Montana on Horseback: The West is neither dead nor gone; you just can't see it from the road.
My wife took it pretty well when I told her I had fallen in love with Meg, but in my defense, I don’t know a man or woman alive who could have resisted Meg. Like my wife, Meg had big, beautiful brown eyes, and tended to be a little obstinate. However, since Meg was about 6 feet tall, weighed in at 1,400 lbs, and was decidedly equine in nature, I essentially did whatever she wanted. And for not tossing me over her head, Meg got to feast on alfalfa treats every time we stopped. A few more days on the trail and she might have been as fat as she was tall.
I hadn’t been on a horse since 4H camp in 1982, so when Soldier’s Angels (I am on the Board of Trustees) decided to team up with Montana Horses to run combat veterans through a seven-day ranch experience (the Heroes and Horses Program), it sounded like a great idea. When I met the cowboys in Vegas a few months ago, it seemed an even better idea. And when they offered me a spot on the annual Three Forks Montana round-up and horse drive, I leapt at the idea. My backside, lower body, upper body, hands, back, shoulders and even toes are currently lamenting my hasty, and not particularly well-thought out initiative in saying yes.
Flying into Bozeman, Mont., you get an idea pretty quickly about how beautiful the country is. For a kid who was born in Maine, raised in Massachusetts and lived in South Carolina and D.C., the West is something I’ve never really had a chance to see. My only experience in the West has been a few trips to Colorado last year, and a stint at the National Training Center in Ft. Irwin, Calif. But even Colorado is a bustling metropolis compared to Three Forks Montana where the drive occurred. The flatlands that Bozeman lies in give way abruptly to the mountains in all cardinal directions. There’s not much of a transitory area there; you have flatlands, and then it is mountains.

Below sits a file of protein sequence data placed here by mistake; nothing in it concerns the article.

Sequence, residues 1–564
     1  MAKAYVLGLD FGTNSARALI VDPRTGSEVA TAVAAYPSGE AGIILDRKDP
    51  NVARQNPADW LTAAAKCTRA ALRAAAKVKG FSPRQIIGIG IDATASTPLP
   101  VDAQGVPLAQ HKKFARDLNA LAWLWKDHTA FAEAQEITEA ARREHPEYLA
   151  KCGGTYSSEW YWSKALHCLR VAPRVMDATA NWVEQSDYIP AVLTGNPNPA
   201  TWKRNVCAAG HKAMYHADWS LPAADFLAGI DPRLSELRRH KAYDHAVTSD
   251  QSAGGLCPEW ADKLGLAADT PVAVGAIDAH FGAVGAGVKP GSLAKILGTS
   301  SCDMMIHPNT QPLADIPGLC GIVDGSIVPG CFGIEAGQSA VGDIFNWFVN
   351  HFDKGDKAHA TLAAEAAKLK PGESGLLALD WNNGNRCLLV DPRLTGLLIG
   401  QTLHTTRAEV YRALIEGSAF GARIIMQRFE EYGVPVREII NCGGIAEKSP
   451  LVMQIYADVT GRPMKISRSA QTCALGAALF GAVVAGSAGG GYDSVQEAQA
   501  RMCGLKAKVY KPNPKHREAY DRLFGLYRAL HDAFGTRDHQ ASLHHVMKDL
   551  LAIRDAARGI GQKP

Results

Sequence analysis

According to Wiki:
The Bridger Mountains are to the north-northeast, the Tobacco Root Mountains to the west-south-west, the Big Belt Mountains and Horseshoe Hills to the northwest, the Hyalite Peaks of the northern Gallatin Range to the south and the Spanish Peaks of the northern Madison Range to the south-southwest. Bozeman is east of the continental divide, and Interstate 90 passes through the city. It is 84 miles (135 km) east of Butte, 125 miles (201 km) west of Billings, and 93 miles (150 km) north of Yellowstone National Park.
After a quick stop to get pizza, we headed a half hour west to Three Forks, an area as rich in history as it is in beauty. It was here that a 10- or 11-year-old Sacajawea was captured by Hidatsa raiders in an attack that killed her mother. Sacajawea would return later in the fabled Lewis and Clark expedition, with her French Husband Toussaint Charbonneau, and son Jean Baptiste Charbonneau (later to be dubbed Pompy) in tow. Three Forks itself was named by Lewis and Clark for the three rivers which converge to make the Missouri River. As Lewis noted in his journal: